The more recent model has more bells and whistles, some are helpful and others I'm ambivalent about. I like the quick-detachable tube, the buckle on the handle, and the fold-out wings at the opening (when folded down they allow faster drying after cleaning). I especially like the re-tooled threading on the opening that allows secure opening/closing with only about a quarter turn, and the internal baffle that keeps the bladder from becoming a round balloon.
However, I don't find the current side rings that helpful; they tend to get hung up when trying to slip it in and out of packs. Overall the unit seem more bulky, in spite of the bladder baffle. Finally, for the same stated bladder capacity, the newer version seems to hold less water than the older version.
All things considered, these are nice systems. Insulated versions are not the smallest or lightest out there, but provide a nice option for those that want it.
Source: bought it new
Price Paid: $35
This is simply a great dromedary bag -- I used it as my primary water storage for the trail when hitting the backcountry in Zion recently, and it was just a simple bag to use.
Your water stays cold -- which is nice when it's 107 degrees F outside (I presume it would remain hot as well, but never opted to try that in the heat I was facing!). Your water stays put -- the locking mechanism is secure and easy to use. Your water tastes good -- no plastic aftertaste at all! In short, it's all you'd want it to be.
I had to ding it 1/2 star due to the bite valve coming off. More accurately, it would come off when I did something to pull it out accidentally (such as pulling on my pack and not realizing it was twisted under a belt or whatever).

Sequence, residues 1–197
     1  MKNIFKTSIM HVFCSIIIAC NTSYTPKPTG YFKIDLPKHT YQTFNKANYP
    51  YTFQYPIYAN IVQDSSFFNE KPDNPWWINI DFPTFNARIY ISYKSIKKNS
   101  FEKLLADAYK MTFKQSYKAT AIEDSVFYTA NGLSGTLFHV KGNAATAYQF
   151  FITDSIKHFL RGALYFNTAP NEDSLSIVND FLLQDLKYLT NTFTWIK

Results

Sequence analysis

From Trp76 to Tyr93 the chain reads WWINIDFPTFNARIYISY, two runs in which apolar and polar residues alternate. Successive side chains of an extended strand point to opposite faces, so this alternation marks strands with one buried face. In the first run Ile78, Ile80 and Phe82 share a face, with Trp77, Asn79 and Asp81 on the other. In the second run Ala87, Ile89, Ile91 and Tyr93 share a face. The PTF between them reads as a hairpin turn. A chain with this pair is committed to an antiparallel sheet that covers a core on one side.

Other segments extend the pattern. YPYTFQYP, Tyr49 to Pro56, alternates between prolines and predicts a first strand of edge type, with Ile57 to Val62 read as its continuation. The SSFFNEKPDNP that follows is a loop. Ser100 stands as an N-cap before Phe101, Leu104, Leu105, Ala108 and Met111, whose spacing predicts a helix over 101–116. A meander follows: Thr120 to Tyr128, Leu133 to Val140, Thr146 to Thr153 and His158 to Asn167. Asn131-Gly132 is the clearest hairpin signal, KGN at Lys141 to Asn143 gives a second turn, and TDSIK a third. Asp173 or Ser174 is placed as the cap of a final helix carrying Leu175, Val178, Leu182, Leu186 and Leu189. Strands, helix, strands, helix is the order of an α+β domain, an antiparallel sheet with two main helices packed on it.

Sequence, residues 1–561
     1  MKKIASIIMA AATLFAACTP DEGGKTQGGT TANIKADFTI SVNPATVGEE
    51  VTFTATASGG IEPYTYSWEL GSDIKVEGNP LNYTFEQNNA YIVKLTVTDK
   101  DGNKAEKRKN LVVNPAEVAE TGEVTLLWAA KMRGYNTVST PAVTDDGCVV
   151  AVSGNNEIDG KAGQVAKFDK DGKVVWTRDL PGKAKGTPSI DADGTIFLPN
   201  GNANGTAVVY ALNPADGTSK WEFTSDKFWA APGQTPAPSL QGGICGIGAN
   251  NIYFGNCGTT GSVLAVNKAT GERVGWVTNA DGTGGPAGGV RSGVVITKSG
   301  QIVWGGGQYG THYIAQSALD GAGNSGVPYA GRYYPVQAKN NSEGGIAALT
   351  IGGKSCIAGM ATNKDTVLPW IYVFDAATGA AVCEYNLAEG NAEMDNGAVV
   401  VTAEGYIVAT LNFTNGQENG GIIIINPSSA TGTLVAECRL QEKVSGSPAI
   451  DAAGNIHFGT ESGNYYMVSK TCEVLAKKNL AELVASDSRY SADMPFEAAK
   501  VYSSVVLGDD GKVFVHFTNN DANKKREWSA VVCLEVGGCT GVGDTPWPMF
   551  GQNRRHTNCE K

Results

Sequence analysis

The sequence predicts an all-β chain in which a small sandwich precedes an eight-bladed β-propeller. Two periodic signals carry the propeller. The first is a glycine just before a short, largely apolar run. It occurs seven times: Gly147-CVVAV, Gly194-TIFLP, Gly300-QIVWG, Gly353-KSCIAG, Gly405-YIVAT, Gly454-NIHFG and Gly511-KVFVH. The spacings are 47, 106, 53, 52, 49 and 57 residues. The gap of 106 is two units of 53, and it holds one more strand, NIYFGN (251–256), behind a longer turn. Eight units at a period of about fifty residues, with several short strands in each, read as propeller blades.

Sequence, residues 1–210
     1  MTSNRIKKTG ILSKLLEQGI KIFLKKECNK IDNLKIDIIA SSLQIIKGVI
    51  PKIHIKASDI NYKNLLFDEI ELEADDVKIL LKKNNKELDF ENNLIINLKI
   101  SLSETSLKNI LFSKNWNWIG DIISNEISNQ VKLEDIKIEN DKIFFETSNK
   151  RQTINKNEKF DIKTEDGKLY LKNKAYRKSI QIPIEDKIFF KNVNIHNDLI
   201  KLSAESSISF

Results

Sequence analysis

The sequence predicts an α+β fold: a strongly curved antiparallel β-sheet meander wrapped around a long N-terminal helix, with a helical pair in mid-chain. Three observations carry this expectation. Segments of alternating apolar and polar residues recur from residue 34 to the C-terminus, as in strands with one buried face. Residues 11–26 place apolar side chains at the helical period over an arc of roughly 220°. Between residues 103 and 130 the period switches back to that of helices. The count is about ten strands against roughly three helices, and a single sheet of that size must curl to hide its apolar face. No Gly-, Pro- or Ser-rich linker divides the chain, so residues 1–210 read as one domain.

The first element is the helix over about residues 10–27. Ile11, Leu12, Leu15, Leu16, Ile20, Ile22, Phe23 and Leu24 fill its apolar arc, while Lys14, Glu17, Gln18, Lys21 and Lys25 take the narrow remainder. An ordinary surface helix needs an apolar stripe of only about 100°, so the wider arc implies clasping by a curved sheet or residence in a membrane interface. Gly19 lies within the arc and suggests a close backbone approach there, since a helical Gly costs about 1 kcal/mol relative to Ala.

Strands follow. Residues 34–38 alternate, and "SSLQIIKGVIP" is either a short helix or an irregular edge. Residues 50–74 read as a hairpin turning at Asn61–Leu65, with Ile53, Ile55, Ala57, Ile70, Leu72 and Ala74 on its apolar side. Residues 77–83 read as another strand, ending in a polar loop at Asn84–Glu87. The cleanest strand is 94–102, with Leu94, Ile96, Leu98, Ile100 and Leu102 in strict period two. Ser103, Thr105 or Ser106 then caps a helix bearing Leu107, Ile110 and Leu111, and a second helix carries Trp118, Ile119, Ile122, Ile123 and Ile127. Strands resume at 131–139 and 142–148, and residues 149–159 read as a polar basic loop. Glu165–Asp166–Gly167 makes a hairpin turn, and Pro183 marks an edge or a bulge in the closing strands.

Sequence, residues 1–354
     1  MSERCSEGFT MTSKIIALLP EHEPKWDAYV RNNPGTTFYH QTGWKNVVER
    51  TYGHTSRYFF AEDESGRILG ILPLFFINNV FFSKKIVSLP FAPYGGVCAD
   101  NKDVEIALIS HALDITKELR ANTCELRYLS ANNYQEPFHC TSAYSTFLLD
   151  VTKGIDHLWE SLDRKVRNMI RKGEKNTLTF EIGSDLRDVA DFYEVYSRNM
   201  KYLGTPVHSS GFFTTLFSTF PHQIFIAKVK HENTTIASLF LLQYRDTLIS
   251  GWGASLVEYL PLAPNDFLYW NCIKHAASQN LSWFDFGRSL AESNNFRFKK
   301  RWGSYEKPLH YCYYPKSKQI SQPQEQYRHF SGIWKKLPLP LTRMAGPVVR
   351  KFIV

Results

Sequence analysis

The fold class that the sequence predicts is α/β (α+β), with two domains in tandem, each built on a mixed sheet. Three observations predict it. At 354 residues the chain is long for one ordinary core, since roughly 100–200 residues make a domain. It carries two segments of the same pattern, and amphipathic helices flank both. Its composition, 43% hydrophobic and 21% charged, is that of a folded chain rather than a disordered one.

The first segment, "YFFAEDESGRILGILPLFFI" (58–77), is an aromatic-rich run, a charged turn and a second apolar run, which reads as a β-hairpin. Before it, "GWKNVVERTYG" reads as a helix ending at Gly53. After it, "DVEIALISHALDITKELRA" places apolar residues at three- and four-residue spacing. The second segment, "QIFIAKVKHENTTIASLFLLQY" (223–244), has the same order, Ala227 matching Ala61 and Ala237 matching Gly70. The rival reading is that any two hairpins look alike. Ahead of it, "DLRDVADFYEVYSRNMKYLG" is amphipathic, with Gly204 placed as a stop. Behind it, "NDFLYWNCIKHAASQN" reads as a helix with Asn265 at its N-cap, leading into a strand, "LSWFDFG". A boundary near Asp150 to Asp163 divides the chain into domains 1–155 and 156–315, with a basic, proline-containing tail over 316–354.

The design is a good one: you can replace the bite valve as needed. However, I would prefer to see a little bit tighter seal so as to not have it pull out quite so easily as it does. That said, if you are a bit more observant and less clutzy than I, you may find this to be a non-issue. :)
That said, if you need a very solid dromedary bag, this is the one to buy. Highly recommended!
Price Paid: $27
This thing rocks! It keeps liquids cool for hours, but also keeps it from freezing in the dead of winter. Sat in my pack (with insulated tube wrap) all night with temps in the teens and never froze. The lash points are great for attaching to the outside of a pack, though most packs worth their salt have internal sleeves these days.
My son uses this for hydration on hot days of baseball: he just buckles it to the dugout fence and it stays up off the spit and seed-ladened floor. The 100 oz. are great for my all-day trail rides around Vail Lake, and the durability saved my spine when I endo'd over the handlebars, landing on my back (Unbottle in the pack's sleeve made for a fortunate cushion.
Easy to clean. In fact, cleaning when only using water each day is not a frequent chore. Get one!
Price Paid: $14
Best Water System I've used to date. I like the D-ring attachment points and the wide mouth makes for easy filling. I hang it from a tree in camp and it makes pouring fresh water a breeze. A veritable kitchen faucet.
It's easy to clean too.
CamelBaks are the only way to go for hydration on the trail. I really like the UnBottle and the extra flexibility it provides since it can go inside or outside my pack while offering insulation for the contents.
Price Paid: $45